The reflector and lens assembly thus provides several advantageous functions. First, it collects a large percentage of all emitted rays from a given point, particularly those rays emitted well off axis in a more lateral direction. Second, it emits those rays in a relatively narrow bundle so that all rays may be collected by a conventional microscope objective. Third, it forms an image of the surface point well above the surface, and has a narrow elongated shape that allows its positioning near wire bonds protruding above the surface. Although the lower end of the reflector tube is closer to the surface than the height of a wire bond, the tube has a limited radius of less than 1 mm at wire bond heights, so that the device may be used to inspect points as close as 1 mm from bond locations, or less. In contrast, typical large aperture microscope objectives have radial dimensions of about 10-12 mm or more, rendering them unsuitable for inspection near wire bonds.
In the preferred embodiment, the reflector assembly is used in conjunction with a conventional microscope. An objective lens with a working distance of 6.8 mm provides a lo magnifies the image formed at point 62 by a factor of 50 diameters. In the illustrated embodiment, to provide an elongated reflector shape, the paraboloid has a very short focal length of about 25 μm, which is the distance between point 50 and the vertex 74 of the curve, or about one fourth of the width of the curve at the plane of the surface 32 containing the focal point.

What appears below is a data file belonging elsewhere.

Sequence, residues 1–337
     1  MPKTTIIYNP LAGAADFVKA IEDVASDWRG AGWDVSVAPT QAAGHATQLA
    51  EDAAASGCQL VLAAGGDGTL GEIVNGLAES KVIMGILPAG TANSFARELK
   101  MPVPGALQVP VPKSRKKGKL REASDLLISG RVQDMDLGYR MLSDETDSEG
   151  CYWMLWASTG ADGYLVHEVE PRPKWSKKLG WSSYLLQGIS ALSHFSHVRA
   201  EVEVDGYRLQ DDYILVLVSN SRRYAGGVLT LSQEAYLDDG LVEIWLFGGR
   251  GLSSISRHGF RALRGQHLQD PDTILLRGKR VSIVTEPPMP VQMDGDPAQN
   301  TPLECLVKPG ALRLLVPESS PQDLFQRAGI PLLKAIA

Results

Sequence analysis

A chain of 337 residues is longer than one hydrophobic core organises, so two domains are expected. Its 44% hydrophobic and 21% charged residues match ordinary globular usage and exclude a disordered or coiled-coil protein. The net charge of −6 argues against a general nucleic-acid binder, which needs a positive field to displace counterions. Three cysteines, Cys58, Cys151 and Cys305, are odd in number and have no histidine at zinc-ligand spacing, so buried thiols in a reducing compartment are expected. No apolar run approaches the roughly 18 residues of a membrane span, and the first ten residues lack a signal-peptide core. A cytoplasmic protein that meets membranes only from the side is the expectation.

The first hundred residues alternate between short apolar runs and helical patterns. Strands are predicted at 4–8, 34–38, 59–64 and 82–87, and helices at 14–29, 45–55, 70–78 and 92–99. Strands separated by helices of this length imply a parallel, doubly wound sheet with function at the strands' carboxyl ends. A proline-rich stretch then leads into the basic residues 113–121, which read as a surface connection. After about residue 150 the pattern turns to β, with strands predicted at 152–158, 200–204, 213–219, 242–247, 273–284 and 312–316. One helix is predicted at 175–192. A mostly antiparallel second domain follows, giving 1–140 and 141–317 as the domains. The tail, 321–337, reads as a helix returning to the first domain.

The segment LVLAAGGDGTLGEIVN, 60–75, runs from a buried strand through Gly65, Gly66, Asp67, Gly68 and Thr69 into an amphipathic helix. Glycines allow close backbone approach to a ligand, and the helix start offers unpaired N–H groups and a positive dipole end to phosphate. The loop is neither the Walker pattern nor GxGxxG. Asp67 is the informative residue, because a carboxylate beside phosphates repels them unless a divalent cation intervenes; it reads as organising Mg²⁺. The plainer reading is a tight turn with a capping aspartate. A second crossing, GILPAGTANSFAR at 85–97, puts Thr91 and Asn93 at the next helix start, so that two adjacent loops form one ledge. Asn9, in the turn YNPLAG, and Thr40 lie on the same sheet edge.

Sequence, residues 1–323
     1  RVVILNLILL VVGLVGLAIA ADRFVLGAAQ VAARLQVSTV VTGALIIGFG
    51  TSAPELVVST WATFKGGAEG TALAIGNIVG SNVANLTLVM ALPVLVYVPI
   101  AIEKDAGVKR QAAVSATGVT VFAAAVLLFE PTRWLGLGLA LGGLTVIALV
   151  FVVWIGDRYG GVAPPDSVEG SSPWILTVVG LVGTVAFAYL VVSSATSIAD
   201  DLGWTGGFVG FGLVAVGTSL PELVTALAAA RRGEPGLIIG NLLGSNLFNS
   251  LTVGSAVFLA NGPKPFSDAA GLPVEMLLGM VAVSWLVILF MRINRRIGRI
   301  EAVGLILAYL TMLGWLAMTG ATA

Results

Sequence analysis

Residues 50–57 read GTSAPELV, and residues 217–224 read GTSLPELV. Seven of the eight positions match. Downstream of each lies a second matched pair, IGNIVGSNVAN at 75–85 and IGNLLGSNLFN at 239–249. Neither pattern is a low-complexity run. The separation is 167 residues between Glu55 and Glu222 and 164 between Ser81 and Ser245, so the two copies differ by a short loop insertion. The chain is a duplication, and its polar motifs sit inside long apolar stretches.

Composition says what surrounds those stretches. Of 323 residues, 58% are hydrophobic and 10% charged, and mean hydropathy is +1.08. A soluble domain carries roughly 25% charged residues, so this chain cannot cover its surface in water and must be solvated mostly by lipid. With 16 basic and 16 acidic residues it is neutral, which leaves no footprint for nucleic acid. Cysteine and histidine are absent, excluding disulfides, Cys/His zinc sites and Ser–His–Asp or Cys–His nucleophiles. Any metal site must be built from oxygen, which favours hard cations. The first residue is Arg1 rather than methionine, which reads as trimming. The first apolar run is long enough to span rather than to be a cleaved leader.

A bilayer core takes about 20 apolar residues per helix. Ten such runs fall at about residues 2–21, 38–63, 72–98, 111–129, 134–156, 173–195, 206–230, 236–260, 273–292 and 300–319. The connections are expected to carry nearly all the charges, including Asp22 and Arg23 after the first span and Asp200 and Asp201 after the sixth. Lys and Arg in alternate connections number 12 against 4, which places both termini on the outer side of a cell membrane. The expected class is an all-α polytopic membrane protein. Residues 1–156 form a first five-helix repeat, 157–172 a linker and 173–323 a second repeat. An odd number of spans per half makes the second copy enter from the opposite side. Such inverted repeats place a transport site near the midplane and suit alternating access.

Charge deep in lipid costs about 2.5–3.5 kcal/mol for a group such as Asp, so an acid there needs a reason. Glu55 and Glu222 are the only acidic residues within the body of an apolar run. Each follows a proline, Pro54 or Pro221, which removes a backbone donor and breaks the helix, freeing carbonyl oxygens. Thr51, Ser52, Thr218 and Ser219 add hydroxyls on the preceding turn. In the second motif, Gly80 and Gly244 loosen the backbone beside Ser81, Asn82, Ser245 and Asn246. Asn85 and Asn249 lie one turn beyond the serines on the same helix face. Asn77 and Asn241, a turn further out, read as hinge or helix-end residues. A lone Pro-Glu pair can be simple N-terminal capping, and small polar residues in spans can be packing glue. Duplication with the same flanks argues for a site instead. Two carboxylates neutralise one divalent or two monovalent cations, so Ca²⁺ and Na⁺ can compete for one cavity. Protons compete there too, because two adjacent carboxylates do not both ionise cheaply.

Although the system is believed to form an image at the focal point 62, and thereby form an image of the surface at the image plane of the microscope detector, the disclosed system is intended to function as a non-imaging point detector. The functional benefits are achieved by determining if any light is being emitted from the small region near the surface point 50. A scanning process is employed to search for and locate light emitting locations on the chip. The mere existence of such a site, together with its location, is typically adequate for analytical purposes.